Re: [asa] Exaptation

From: Nucacids <nucacids@wowway.com>
Date: Thu Jun 25 2009 - 01:28:11 EDT

Hi David,

"Exaptation, and evolution more generally, tends to have a more
jury-rigged look to it than would be ideal for ID-type inferences.
I.e., whatever was handy was put to use."

This is an appeal to what I call the Criterion of Rationality, as "look
like" arguments have a place at the table.
We need only score this appearance to advance the ball.

"Of course, this does not
rule out lower-case design, especially if the designer favored using
natural laws, but it does not fit with the attempt to claim scientific
proof of ID."

Agreed. To me it makes most sense to think of the designer exploiting
naturals laws than fighting against them and, of course, there is no
"scientific proof" here. But there is plenty of room between vacuous
nonsense and scientific proof.

BTW, I outline a successful prediction of front-loading here:

http://designmatrix.wordpress.com/2009/06/25/front-loading-with-ribosomes/

Mike

----- Original Message -----
From: "David Campbell" <pleuronaia@gmail.com>
To: <asa@calvin.edu>
Sent: Wednesday, June 24, 2009 1:22 PM
Subject: Re: [asa] Exaptation

>> Or at the very least, to the fact that proteins are an amazing design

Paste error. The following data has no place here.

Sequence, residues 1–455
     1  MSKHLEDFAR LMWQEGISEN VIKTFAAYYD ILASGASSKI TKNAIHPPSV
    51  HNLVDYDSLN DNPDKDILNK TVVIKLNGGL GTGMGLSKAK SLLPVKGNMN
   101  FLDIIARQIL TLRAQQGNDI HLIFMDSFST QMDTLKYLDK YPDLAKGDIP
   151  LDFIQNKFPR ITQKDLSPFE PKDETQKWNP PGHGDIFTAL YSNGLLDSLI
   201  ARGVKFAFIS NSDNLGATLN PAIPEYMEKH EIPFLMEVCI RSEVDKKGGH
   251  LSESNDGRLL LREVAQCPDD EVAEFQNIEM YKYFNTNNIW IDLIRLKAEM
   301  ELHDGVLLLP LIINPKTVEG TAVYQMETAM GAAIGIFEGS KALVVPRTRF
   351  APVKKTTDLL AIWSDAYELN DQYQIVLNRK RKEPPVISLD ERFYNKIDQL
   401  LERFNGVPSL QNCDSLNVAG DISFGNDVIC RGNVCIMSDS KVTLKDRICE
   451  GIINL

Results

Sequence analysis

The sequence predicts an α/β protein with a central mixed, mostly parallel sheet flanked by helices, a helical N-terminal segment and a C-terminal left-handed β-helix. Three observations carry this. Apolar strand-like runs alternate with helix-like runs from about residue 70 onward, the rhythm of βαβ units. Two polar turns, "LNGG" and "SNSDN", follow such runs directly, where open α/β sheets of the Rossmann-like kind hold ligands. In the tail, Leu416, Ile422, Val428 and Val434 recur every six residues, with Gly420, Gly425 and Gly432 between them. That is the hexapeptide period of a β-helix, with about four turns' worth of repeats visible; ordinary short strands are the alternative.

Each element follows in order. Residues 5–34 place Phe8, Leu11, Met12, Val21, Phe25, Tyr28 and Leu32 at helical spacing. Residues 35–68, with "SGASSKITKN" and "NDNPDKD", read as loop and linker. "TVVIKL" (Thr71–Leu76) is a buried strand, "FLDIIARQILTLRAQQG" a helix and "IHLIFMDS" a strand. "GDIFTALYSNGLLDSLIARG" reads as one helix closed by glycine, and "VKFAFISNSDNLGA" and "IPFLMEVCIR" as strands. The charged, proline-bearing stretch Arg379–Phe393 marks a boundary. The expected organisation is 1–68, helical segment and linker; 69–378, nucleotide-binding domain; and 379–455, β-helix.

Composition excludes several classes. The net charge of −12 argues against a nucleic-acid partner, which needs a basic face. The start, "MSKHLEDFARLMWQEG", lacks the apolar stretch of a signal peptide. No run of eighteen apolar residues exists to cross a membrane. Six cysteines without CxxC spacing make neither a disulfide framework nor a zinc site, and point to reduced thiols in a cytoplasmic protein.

>> material. ;)
>
> In particular, there is a lot of flexibility of usage. On the one
> hand, very different proteins can do essentially the same thing; on
> the other hand, a slight change can significantly modify function.
> Another twist on things is that organisms use the same basic
> components for everything, so it's not that surprising that a protein
> that interacts with one component can have more than one function.
>
> Words and letters are similar in properties. In both cases, there are
> usually multiple ways to produce the same result. Conversely, minor
> changes can have a big effect on function. A not-so-good version may
> still be functional (e.g., text messages).
>
> Exaptation, and evolution more generally, tends to have a more
> jury-rigged look to it than would be ideal for ID-type inferences.
> I.e., whatever was handy was put to use. Of course, this does not
> rule out lower-case design, especially if the designer favored using
> natural laws, but it does not fit with the attempt to claim scientific
> proof of ID.
>
> --
> Dr. David Campbell
> 425 Scientific Collections
> University of Alabama
> "I think of my happy condition, surrounded by acres of clams"
>
> To unsubscribe, send a message to majordomo@calvin.edu with
> "unsubscribe asa" (no quotes) as the body of the message.

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Received on Thu Jun 25 01:29:16 2009

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